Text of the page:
This work of mindfulness–in essence, focusing awareness on the present moment–has me noticing more clearly how I experience time. Despite the best efforts of clocks and schedules, time is a subjective, varying, and malleable phenomenon. In October’s “Stories of the Slow Professor,” I wrote about it from the perspective of how we talk about our work. In December, I mentioned that one of my favorite recent books is Douglas Rushkoff’s Present Shock: When Everything Happens Now, in which he distinguishes between the “presentism” we chase by always being plugged in and logged on and the other “now” of experiencing the moment and place right in front of us. Lately, I’ve been thinking about how my notion of time is influenced by my discipline.
William Faulkner famously wrote in one of his novels, “The past is never dead. It’s not even past.” Although this refers to the characters in his fictional universe whose Southern and familial pasts are constantly with them, the quote also captures something essential about the discipline of literary studies. We have our own grammar for talking about the objects of our inquiry: we use what’s called the “literary present” tense, which means that
“we consider the text, its events, and its characters alive every time we look at the page. Each time we read Hamlet, he agonizes over what to do about his father’s death; each time we read Moby-Dick, Ishmael joins Captain Ahab in search of the white whale; and each time we read The Adventures of Huckleberry Finn, Huck decides that helping Jim escape slave-catchers is worth going to hell. We talk about the texts we love as offering something new with each reading.” (Chick, 2009, p. 49-50)
This sense of “an eternal present” (Vanderbilt Writing Studio) can certainly–as in the case of Faulkner’s characters–lead to the worrying, dwelling, and ruminating that mindfulness seeks to quiet. But it doesn’t have to go there.
Instead, I think of two layers of presentness in our approach. First, the text–no matter when it was published, no matter when it’s set–is always now. The action in the plot is always happening, again and again, every time we look at the page. We see these texts as “still alive, generative, and inviting of new questions, approaches, interpretations, and significance” (Chick, 2009, p. 49). Also, we readers are fully present with the text as we read, anticipating the discovery of an additional nuance in the language, the metaphorical landscape, or the characterization of the fictional people we thought we already knew so well. Paradoxically, while the world inside the text is always there, it also offers something new each time we visit it.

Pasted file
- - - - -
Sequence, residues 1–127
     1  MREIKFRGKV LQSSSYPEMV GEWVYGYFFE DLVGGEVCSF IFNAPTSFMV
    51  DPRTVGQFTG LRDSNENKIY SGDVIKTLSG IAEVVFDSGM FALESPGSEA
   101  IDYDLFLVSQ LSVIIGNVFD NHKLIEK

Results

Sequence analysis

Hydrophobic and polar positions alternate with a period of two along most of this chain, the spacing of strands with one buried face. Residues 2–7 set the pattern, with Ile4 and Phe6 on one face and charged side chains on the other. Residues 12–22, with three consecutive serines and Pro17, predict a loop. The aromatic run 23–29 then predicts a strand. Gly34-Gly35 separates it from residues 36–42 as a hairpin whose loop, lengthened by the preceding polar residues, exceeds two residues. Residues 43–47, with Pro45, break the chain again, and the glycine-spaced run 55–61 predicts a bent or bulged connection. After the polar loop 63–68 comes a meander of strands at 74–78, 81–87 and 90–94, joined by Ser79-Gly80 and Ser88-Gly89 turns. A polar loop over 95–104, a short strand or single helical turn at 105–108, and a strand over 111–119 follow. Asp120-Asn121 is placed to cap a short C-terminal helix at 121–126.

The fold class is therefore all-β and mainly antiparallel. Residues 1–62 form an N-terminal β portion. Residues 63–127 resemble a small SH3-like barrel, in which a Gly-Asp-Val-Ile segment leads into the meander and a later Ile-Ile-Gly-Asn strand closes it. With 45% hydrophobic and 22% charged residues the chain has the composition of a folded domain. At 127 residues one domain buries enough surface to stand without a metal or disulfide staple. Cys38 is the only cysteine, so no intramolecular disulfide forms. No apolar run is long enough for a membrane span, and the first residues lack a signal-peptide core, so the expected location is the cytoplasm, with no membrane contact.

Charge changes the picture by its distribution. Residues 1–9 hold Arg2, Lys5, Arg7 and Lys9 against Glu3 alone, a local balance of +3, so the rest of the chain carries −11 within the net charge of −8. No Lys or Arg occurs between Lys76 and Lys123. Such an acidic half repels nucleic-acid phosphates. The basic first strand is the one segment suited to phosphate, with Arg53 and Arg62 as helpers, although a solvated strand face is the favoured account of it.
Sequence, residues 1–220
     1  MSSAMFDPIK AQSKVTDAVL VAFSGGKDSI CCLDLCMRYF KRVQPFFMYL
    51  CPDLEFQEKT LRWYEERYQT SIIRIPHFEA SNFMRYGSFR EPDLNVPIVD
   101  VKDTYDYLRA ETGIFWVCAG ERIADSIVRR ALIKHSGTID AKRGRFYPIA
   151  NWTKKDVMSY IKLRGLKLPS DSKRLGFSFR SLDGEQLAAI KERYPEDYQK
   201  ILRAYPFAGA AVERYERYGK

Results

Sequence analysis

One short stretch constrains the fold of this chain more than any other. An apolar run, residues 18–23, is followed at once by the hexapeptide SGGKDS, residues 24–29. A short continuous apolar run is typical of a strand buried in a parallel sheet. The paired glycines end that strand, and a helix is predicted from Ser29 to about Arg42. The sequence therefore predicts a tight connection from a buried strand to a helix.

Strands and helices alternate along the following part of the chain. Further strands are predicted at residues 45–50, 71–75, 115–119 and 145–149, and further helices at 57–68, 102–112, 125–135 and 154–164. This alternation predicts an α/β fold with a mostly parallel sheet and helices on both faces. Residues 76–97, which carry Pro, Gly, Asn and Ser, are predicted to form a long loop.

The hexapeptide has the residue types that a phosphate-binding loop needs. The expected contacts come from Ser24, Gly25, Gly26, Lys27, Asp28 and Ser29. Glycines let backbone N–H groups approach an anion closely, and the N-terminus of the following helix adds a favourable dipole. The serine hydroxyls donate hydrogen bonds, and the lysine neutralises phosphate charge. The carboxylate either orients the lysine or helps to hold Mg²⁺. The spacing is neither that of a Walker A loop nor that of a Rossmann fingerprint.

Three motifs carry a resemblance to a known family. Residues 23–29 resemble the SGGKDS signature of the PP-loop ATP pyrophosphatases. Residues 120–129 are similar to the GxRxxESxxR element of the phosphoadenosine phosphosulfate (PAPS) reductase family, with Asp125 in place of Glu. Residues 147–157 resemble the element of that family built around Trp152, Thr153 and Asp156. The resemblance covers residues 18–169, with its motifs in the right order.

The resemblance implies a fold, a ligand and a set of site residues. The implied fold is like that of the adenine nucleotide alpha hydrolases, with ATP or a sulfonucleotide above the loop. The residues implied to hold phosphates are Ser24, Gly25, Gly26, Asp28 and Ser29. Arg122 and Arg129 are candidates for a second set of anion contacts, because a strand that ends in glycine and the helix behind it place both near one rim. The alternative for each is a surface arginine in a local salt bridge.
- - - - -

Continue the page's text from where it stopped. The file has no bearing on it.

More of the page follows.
This attitude toward time is captured in how we document research. Documentation styles are painstakingly precise and, as a result, fascinatingly meaningful. In the humanities like literary studies, we use MLA citation style, which illustrates that the writer and the text itself are paramount. In our bibliographies, we list our sources by noting the author’s name, the title of the work, the location and name of the publishing company, and then the year of publication. In its most recent edition, MLA added the publication medium at the very end to distinguish digital from print sources. When citing within the body of our writings, we only use the author’s name and page numbers of specific passages. We don’t even bother with the date. Social scientists, on the other hand, foreground the date of publication in the bibliographic order: author’s name, date of publication, title, location, publisher. (There are other differences that are equally meaningful, but I’ll stay focused here on time.) Their in-text citations and even mentions of a text always include the date because when something was published determines its relevance and sometimes even its validity. For us, the date is an afterthought because the texts and the ideas within them are timeless and eternally present.
I could go on and on about the literary present (ha!), but I’ll stop here. I’m curious: how does your field represent time, and why? And how does that affect the work you do and how you see the world?
The fundamental act of a mindful practice is being in the present moment. Try this “Complete Meditation Instructions” recording from UCLA. Follow her instructions that so carefully and gently bring you and bring you back to now. She offers 10 minutes of guidance and then periods of silence. If you’re unable to sit for the whole 19 minutes, feel free to stop it when she shifts into silence.
* In my editing work, I have to use APA style, so to keep me practicing this unfamiliar style, I’ve been using it in The Mindful PhD as well. I think I’ll now return to my “native” style, which reflects my worldview more precisely.